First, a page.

When space permits, Lüdicke’s permeable ball formations rise to airy heights like shimmering soap bubbles that steady themselves on the ceiling. In other places the bodies of cells, or Soma, take possession of the walls as increasing stages of development, after having left the sandy islands that were created especially for them and had served as individual foundations in other exhibition situations. In a different location the moment of “taking off” (Abheben) is captured, and the loose ends of a balloonlike object that is filled with nothing but empty space have definitively left the ground. In the logical inversion of this concept, the artist brings a similarly shaped, bright, plump Tropfen (Drop) back to the ground, not only embodying an additional physical state, but also temporarily placing a captured Drop on a green meadow or leaning it against the solid trunk of a pine tree as a feather-light dropped sculpture in the middle of a landscape. Whether set in nature or relating to the architecture of a room, Lüdicke captures spatial constellations in constantly new ways and develops them into visual events that make it possible to experience parts and wholes as universal entities.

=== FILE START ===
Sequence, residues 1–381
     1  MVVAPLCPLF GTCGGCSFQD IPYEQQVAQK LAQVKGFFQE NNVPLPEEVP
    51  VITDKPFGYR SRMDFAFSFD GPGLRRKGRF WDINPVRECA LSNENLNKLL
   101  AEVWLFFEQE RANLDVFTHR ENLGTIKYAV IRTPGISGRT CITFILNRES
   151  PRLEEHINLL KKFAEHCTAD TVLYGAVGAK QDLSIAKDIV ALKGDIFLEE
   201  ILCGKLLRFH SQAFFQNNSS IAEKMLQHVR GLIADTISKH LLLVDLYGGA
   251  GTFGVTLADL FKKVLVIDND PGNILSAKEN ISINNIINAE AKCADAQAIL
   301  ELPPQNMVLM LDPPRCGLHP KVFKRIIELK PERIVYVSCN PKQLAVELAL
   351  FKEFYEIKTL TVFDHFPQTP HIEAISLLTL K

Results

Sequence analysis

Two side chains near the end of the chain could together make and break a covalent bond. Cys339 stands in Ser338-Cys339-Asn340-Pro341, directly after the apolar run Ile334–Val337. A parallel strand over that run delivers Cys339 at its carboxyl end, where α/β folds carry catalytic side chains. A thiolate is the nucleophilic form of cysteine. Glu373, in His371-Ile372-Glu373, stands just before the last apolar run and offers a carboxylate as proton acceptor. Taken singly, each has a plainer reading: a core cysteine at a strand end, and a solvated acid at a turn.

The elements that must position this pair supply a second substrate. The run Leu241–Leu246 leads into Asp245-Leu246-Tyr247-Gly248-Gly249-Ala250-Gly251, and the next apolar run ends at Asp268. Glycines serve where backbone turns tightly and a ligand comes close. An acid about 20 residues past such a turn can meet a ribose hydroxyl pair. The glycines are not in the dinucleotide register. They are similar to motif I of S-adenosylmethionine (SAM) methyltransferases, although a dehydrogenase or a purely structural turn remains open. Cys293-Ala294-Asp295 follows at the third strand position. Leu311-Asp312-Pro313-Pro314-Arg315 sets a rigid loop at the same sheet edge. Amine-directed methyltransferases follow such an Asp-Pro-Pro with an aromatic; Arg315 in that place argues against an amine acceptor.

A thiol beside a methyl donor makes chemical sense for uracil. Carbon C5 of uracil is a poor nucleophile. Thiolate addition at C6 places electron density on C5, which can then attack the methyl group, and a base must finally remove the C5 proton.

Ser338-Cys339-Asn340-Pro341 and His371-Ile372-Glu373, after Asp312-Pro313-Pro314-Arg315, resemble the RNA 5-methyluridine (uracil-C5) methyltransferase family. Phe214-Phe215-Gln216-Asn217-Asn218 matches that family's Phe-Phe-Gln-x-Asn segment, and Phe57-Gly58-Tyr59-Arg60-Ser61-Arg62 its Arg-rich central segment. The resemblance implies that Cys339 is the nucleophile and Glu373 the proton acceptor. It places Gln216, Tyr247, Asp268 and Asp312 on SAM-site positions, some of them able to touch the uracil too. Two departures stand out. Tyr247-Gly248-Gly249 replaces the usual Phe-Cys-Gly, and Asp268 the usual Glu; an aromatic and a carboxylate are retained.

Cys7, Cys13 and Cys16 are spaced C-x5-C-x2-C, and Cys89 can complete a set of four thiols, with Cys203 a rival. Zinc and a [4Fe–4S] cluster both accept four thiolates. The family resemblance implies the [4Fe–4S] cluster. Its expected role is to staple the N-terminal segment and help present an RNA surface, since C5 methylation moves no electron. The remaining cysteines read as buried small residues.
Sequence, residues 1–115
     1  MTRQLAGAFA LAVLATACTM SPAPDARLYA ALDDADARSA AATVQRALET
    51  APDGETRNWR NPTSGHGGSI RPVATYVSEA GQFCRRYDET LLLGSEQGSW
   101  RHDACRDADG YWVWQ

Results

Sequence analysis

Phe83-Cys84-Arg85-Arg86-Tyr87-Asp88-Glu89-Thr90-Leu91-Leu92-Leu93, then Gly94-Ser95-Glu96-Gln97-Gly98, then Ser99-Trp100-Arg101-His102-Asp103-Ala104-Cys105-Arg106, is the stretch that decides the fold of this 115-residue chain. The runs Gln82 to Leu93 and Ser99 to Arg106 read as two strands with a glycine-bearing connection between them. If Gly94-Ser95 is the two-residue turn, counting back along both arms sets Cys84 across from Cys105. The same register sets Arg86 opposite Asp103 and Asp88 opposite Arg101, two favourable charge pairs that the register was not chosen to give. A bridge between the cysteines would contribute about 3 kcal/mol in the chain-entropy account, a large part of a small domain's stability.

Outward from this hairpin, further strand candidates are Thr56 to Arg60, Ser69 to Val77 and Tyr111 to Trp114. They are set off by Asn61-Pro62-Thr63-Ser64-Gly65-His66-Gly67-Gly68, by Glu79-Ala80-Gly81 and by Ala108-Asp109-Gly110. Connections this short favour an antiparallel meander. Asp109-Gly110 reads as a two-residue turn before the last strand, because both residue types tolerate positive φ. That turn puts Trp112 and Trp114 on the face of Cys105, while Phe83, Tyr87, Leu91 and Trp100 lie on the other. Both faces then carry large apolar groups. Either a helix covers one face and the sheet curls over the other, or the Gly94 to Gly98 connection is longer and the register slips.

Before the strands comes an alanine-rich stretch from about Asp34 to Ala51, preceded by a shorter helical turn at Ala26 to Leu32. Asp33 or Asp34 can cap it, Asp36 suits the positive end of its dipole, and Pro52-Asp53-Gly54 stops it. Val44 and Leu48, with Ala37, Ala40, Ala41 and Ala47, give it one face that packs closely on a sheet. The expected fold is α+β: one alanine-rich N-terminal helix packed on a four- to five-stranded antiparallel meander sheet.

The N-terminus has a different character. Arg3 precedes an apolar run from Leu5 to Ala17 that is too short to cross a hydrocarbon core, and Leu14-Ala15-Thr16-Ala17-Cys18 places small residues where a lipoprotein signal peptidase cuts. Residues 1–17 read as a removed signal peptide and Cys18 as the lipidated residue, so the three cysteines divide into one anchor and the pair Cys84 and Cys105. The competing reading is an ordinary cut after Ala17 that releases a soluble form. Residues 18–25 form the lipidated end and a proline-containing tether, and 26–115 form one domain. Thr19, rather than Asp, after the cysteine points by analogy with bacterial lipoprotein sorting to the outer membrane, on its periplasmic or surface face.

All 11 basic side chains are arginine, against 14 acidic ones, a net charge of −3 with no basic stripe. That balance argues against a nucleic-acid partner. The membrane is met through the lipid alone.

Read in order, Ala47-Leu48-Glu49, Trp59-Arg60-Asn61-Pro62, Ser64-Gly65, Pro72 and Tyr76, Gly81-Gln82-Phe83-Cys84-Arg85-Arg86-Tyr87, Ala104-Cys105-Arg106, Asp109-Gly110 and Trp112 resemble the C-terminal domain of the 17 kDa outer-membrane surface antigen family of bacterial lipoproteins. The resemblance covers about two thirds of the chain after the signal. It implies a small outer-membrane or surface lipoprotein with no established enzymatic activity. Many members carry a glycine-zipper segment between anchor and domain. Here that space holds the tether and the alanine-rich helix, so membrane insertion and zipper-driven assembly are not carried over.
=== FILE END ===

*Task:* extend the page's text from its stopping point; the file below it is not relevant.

Lüdicke’s desire for constant change may have motivated her to place the sculptures outdoors in constantly changing contexts of wind and waves, sun and light, and to repeatedly challenge their own position in the interplay of forces. She documents surprising moments with her camera. Lüdicke’s photographs also make reference to the inner balance and stability of a sculpture; they furthermore open new associative spaces in interaction with nature, throwing light on structural parallels as well as contrasting structures, forces of attraction, and perceptual processes that the natural changes offer.
The influences of nature that result in movement, change, and modification have their indoor counterparts in light- and space-modulating installations in which Lüdicke creates a mesmerizing show of shadows and space, evoking a distant echo of the kinetic light objects by Lázló Moholy-Nagy or subsequent kinetic artists. Nature has surprising parallels to structures that are inherent in art—such as slight gusts of wind, fresh breezes, the inexorable swell of waves, little white crests, reflections, and flowing transitions—and also allows for happy coincidences. In contrast, the light and shadow productions in stagelike interiors are precisely captured; the airy volumes, structures, surfaces, and lines are aptly correlated and can be called up at any time at the push of a button.